Sunday, February 14, 2010

Back in the groove of things

Well I have avoided blogging for a while, I'm not sure why but I had internet the entire time I was suffering with my kidney stone saga in Lima but I didn't want to write again until I was better. And then when I got better, I avoided internet and camped for a week on the beach. I guess I left a lot of things open ended after the last blog, issues with my health, no drivers license, border crossings, etc. As always a lot has passed in a short time. First things first, my kidney stone has been s mashed (twice) by a procedure called Lithrotripsy and I've passed all the little bits over a 2 week period. It was quite an intense experience, one of those "character building" experiences. I had to navigate the health system alone and in spanish while in excrutiating pain. This included xrays, blood tests, urine tests, physical exams, lithotripsy (twice) and many farmacy trips. It was good practice for my spanish & it's these situations that make me learn a little more. I learned how to get to and from the hospital for 25 cents instead of a 3 dollar taxi & I learned loads of new hospital terms in spanish. I suffered tremendously & experienced the horrible process of getting a catheter removed with no pain meds. I walked out of there feeling like I had been defiled, embarassed & then had to just catch a bus back to my hostel where I landed on a friday night with backpackers all around having fun & wanting to chit chat. I crawled in my room yet again and hid away. My story was too weird to chit chat and I've traveled so long and my story is so strange that I can't even relate to the avg person traveling anymore. Anyways after getting the catheter removed, I started unloading sandy like sediments within my urine. I had one final test to ensure I didn't have an infection & then I got cleared from the doc. The hospital happened to be across the street from bus station and I begged and pleaded my way into my final consultation to be before the 5pm overnight bus left and so the doc saw me at 440pm, gave me the green light and I ran across the street and got on yet another 18 bus ride back to my car. When I got to my car I decided it was time for a fresh start so I just started driving towards Ecuador. That night I couldn't find accommodations so I slept in my truck, it was hot. The following morning I went to the border, with no drivers license, and hoping I could pull it all off. I was also down to my last few Soles along with the fact that gas in Peru is twice as expensive as Ecuador so I was trying to hold out until I crossed the border and could use my US dollars as Ecuadors' currency is US dollars. This proved to be an added stress as the light on my truck was on when I hit the border. Exiting Peru was easy for me as I am familiar with the process for my truck there. I got to the Ecuador side & their system was down so they made me drive to another spot to get my passport entered, while the light on my gas tank was lit up. There was 1 gas station with about 40 cars in line so I figured I just have to get in line and wait. They're all there because the price of gas is so cheap in Ecuador & though I wasn't in Ecuador, this gas station was techincally in Ecuador. I waited an hour, got up there only to find out they only had Diesel! Just wasted more gas, still haven't entered the country & now I've decided to try to get in the country & find the next gas station. I managed to talk my way in without my drivers license. i was asked for it twice but avoided answering directly & kept handing the copy I have. somehow it worked, I was in and I now was worried I wouldn't have enough gas to even start my car. I got to the next closest gas station, another line of cars and I made it to the pump where they would only give me 10 dollars of gas....well I talked my way into 20 dollars but they limit it to 10 dollars per car so peruvians don't come over for gas. On the road again it felt really liberating to be healthy, in a new country and back in my truck. I hadn't really traveled in my truck in a while at this point and with all these positive things I was really over the moon. Decided it was time to make the journey all the way to the coast, another 6 hours of driving. I was pulled over twice and managed to get away with having no drivers license. I finally get to the coast town, pull in a beach called ayampe and make a 'wrong' turn and end up in front of a guys hotel that he is building that I know from Virginia Beach. Random crossing. It turns out they are still working on things but welcome me to stay for free if I'm up for helping out. I stick around, get to enjoy these guys ups & downs as they stress on their new lives in Ecuador, fresh from the states, and under construction with a 1 yr old baby. It's funny to see how far I've adjusted to this life when these city folks get here and DON'T EAT SEAFOOD and only eat chicken breast....which you can only get a supermarket 2 hours away. They call me "the drifter" and laugh at my daily meals of vegetables or me eating at the little local fish market or making my granola every morning. I also invented a little coconut coffee drip which still needs a little more touches to make it perfect. A few days here & it was time for me to really disconnect so I did a little camping trip up the coast for 5 days. Camping was fun but as always turned into some random adventures. One night it was pouring so I decided to drive south and then it started to get close to dark so I took a dirt road off the main coast road and figured I could find an empty spot to sleep for the night. I found a dried up riverbed with nothing around, parked and hoped for darkness to come so nobody could even see me. The sun was setting & up walks a drunk guy who I can barely understand as he slurs his spanish & asks me for food or money or something. He also tells me it's dangerous to be there. Then some kids ride up on a pass above on their bikes and stare at me for a while so I'm starting to doubt my choice of spots. Sure enough shortly after a guy pulls up on a motorbike to ask me what I'm doing there. he said some people in town saw me & they want to know what I want and what I'm doing. I'm actually setting up my stove & cutting veggies so I show him my set up and tell him I just want to camp for the night. He tells me it's not safe & insists I come to his house for the night. SOooo before you know it, I pull my big american truck in front of his house and out pours his kids & nephews, wife, and other family members all to stare at me and ask questions like I'm some strange alien. They're all really nice, the kids are cute and it's quite humorous really. I sleep in my truck bed and when I wake up in the morning everyone in town has passed by to see who I am and what I'm doing. Nobody can believe my truck and my sleeping spot. I break out my skateboard and get the kids doing runs down the dirt street. Then they get me on their little bikes and take me on a tour to show me off to everyone in town. They're so proud that I'm at their house and hanging out with them. EVeryone comes out to say hello and smile and stare. It's quite funny. They try to get me to go to Church but I manage to say goodbye after they gave me bananas, a spoonful of sugar from a sugarcane & a reused pepsi bottle that they made me take a taste out of which was full of sugar cane juice. They made me promise to return, opened the doors and basically told me I was part of the family now. So funny how quick to open up their home and give me things. After this I head back down to Ayampe to get back to my friends spot. When I arrive news of his first guests are on their way. It's professional surfer Ben Bourgious & a guy Jerry taking video for a new Reef surf video. I'm a big fan of this surfer and for the last week it's been him & I surfing up & down the coast of Ecuador. He likes having a surf companion and I like pushing my surfing with someone who is on another level. He's around for a little while longer & I am actually about to go surfing with him right now so I think I'll end the blog. I hope you're all staying warm, those that are in the snow....I'm sweating bullets as I type this blog! chau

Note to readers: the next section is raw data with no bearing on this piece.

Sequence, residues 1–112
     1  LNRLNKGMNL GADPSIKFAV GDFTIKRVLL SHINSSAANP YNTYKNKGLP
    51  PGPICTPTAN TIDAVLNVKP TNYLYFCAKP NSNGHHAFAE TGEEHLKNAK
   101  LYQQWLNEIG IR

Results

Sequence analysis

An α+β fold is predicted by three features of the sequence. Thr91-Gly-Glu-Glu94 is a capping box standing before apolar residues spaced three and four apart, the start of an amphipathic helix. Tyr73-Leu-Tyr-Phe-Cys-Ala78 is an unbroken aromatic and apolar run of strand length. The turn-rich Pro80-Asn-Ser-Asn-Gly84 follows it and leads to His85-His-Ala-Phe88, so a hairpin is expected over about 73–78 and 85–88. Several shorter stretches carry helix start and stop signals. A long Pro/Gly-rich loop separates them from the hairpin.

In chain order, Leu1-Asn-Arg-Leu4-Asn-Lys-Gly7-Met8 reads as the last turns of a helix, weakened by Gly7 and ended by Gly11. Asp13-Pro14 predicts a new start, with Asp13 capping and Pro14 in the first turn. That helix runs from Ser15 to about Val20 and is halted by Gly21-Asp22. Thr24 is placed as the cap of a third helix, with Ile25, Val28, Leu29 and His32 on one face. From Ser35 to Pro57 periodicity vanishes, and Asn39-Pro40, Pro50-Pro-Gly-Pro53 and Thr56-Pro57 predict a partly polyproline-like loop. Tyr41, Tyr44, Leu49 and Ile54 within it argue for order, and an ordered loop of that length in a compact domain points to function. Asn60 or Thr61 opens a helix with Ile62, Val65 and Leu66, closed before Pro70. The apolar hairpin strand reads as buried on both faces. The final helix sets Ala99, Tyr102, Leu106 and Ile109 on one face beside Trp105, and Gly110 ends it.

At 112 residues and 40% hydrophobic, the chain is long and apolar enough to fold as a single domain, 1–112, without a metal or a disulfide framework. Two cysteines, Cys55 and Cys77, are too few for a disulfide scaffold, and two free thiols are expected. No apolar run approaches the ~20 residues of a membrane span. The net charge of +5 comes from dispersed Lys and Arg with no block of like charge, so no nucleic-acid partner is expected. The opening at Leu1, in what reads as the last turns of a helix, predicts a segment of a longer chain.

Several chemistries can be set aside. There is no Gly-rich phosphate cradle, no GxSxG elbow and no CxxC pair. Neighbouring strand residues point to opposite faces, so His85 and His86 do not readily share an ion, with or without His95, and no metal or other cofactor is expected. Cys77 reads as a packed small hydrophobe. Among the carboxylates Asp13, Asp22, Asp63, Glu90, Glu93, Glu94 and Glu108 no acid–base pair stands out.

1. So glad to hear you are doing well and back on the "path" and in Ecuador no less! Surf a couple of waves for us!

  2. I am glad to hear that things are going well! Sounds like you are having fun! things are finally warming up here, wishing for some waves... take care